The influenza VLPs described herein can be administered alone or in combination with other therapeutic agents to enhance antigenicity. For example, the influenza VLPs can be administered with an adjuvant, such as Freund incomplete adjuvant or Freund's complete adjuvant.

Optionally, one or more cytokines, such as IL-2, IL-6, IL-12, RANTES, GM-CSF, TNF-α, or IFN-γ, one or more growth factors, such as GM-CSF or G-CSF; one or more molecules such as OX-40L or 41 BBL, or combinations of these molecules, can be used as biological adjuvants (see, for example, Salgaller et al., 1998, J. Surg. Oncol. 68(2):122-38; Lotze et al., 2000, Cancer J. Sci. Am. 6(Suppl 1):S61-6; Cao et al., 1998, Stem Cells 16 (Suppl 1):251-60; Kuiper et al., 2000, Adv. Exp. Med. Biol. 465:381-90). These molecules can be administered systemically (or locally) to the host.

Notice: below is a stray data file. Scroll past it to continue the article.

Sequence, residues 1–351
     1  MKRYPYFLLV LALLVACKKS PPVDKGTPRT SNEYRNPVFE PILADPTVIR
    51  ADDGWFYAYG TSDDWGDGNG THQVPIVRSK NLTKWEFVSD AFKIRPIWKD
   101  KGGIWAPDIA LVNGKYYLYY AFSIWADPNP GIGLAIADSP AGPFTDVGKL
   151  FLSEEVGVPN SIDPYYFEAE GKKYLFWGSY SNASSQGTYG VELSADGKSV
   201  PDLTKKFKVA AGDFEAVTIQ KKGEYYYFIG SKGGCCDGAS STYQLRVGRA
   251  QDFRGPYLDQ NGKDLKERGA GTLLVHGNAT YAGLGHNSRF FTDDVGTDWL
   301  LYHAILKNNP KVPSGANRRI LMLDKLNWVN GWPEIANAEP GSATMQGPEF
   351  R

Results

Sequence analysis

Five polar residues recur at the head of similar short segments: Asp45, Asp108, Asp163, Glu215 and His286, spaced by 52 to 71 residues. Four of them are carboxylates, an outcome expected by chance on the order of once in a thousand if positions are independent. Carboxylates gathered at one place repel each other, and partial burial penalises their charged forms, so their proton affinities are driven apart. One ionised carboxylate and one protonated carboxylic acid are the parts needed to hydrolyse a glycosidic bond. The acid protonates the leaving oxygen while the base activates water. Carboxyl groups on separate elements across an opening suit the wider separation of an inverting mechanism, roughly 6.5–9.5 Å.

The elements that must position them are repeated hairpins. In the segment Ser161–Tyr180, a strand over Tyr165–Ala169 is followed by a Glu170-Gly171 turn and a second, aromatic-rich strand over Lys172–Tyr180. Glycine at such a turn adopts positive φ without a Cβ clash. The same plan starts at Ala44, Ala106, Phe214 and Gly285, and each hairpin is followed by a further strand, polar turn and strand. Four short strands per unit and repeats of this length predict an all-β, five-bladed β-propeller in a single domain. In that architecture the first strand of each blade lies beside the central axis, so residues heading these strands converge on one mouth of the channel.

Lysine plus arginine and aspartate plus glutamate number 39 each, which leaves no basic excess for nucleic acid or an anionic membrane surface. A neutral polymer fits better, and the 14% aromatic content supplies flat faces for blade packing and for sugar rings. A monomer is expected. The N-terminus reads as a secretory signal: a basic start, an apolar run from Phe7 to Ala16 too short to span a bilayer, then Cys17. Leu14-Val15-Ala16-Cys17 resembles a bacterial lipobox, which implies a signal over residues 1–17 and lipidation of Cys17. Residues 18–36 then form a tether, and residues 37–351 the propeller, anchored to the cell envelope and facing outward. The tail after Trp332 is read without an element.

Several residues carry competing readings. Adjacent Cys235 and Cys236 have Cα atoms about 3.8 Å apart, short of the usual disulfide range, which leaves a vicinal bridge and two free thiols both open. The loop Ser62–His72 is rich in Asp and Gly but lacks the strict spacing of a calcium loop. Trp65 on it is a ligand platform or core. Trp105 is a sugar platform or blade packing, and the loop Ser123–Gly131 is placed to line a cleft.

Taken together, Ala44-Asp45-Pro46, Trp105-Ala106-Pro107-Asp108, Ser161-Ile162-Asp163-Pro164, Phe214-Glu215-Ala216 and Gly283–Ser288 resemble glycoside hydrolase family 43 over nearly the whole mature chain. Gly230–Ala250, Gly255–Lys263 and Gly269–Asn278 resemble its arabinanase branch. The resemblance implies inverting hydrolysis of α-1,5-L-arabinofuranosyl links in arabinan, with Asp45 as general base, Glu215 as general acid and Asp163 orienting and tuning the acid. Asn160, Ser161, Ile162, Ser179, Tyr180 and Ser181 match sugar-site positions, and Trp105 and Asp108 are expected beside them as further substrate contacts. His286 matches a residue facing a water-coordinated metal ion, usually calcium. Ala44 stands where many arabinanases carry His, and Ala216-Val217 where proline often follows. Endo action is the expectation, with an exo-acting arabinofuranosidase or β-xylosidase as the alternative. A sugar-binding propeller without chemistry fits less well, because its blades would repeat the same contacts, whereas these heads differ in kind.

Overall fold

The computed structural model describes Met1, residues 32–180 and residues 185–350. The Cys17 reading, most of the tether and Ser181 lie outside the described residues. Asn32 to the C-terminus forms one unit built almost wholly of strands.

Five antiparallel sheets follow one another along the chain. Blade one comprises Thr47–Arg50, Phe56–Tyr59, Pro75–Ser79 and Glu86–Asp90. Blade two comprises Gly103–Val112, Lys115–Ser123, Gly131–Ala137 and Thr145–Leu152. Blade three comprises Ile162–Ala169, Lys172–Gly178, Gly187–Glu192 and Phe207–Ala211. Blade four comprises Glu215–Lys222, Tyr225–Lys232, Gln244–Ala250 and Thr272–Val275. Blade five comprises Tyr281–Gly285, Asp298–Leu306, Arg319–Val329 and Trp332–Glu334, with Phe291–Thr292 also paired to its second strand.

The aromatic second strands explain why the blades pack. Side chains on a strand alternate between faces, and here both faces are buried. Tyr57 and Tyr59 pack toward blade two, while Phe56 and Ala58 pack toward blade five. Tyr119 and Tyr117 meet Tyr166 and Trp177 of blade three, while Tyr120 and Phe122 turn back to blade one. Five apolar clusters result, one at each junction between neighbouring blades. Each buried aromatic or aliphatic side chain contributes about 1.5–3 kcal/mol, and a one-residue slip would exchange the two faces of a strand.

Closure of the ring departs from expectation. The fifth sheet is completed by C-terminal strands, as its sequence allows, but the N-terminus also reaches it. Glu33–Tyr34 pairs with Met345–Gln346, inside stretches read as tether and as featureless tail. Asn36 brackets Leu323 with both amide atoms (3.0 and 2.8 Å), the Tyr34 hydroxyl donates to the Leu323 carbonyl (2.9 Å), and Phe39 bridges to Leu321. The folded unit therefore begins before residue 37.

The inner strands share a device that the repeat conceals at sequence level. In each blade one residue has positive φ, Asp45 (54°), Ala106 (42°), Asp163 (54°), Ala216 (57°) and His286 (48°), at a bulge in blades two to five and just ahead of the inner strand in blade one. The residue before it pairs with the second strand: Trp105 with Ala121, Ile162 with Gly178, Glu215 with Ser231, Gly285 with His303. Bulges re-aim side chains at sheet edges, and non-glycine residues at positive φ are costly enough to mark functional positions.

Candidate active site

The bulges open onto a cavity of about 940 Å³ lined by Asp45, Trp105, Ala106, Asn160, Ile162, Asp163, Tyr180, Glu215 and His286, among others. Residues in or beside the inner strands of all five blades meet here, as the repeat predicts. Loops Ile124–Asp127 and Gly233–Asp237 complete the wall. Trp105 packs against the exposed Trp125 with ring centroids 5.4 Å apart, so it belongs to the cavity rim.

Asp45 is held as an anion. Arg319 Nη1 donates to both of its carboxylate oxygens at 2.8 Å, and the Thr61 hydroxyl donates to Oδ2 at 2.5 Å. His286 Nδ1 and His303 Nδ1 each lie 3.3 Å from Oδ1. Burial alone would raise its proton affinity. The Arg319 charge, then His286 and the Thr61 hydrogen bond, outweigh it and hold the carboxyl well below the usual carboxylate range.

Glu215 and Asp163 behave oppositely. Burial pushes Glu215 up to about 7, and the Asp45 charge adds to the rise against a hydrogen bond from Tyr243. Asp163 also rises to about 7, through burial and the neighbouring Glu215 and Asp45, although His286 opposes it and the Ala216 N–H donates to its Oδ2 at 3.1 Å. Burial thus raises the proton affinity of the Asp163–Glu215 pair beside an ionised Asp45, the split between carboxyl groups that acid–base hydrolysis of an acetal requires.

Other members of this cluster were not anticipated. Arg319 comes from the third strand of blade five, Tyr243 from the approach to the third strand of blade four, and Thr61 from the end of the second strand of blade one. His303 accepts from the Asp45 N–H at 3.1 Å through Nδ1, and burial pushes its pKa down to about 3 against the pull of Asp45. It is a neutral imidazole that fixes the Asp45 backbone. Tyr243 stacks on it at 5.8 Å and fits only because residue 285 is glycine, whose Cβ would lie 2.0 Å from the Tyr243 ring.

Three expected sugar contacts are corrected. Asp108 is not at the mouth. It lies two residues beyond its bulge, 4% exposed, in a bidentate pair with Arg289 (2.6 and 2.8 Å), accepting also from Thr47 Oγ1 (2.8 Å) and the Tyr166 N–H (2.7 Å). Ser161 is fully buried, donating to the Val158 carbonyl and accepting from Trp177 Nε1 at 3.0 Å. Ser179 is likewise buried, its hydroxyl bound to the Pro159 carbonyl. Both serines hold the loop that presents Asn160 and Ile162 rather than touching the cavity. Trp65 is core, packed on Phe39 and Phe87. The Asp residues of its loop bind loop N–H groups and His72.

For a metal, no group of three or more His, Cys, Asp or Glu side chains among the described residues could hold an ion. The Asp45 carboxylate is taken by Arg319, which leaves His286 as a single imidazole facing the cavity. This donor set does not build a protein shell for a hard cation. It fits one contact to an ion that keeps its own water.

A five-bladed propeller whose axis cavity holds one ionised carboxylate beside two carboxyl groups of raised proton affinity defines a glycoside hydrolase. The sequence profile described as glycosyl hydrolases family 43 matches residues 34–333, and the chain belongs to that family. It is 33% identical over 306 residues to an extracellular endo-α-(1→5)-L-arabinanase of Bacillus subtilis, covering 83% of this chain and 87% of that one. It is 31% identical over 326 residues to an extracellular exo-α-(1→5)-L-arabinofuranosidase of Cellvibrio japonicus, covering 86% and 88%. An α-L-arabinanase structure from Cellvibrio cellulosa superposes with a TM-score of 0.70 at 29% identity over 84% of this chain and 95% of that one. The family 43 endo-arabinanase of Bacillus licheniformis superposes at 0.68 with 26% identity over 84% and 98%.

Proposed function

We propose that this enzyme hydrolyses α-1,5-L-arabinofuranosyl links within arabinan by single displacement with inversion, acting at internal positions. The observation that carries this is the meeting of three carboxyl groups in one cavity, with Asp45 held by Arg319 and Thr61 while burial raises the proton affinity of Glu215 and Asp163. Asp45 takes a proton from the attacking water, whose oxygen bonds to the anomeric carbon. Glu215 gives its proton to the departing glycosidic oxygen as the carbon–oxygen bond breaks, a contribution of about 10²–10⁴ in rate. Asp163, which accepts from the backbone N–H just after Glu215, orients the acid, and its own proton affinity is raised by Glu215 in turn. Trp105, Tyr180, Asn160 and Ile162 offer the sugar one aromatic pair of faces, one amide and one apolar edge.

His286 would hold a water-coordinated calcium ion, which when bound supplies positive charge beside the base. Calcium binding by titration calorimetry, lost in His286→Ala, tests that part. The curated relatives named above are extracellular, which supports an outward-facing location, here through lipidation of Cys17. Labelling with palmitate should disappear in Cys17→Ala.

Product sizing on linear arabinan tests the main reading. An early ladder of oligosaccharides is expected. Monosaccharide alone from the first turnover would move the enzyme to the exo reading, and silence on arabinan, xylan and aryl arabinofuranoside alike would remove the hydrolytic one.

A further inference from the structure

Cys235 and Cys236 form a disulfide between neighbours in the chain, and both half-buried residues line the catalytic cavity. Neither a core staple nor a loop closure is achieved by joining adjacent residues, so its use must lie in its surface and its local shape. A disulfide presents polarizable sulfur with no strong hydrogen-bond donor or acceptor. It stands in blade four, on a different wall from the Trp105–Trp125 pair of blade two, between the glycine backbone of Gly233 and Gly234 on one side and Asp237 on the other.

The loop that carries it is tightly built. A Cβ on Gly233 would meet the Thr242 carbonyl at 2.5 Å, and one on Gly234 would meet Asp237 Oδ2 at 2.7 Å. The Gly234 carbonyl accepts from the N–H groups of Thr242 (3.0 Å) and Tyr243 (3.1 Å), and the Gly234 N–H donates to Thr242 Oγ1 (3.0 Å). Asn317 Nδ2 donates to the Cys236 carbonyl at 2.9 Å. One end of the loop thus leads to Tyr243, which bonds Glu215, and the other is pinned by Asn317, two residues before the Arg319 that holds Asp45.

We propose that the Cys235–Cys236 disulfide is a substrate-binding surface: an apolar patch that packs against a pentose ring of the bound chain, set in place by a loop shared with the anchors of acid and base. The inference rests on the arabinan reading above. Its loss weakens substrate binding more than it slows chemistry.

A number of means for inducing cellular responses, both in vitro and in vivo, are known. Lipids have been identified as agents capable of assisting in priming CTL in vivo against various antigens. For example, as described in U.S. Pat. No. 5,662,907, palmitic acid residues can be attached to the alpha and epsilon amino groups of a lysine residue and then linked (for example, via one or more linking residues, such as glycine, glycine-glycine, serine, serine-serine, or the like) to an immunogenic peptide. The lipidated peptide can then be injected directly in a micellar form, incorporated in a liposome, or emulsified in an adjuvant. As another example, E. coli lipoproteins, such as tripalmitoyl-S-glycerylcysteinlyseryl-serine can be used to prime tumor specific CTL when covalently attached to an appropriate peptide (see, Deres et al., Nature 342:561, 1989). Further, as the induction of neutralizing antibodies can also be primed with the same molecule conjugated to a peptide which displays an appropriate epitope, two compositions can be combined to elicit both humoral and cell-mediated responses where that is deemed desirable.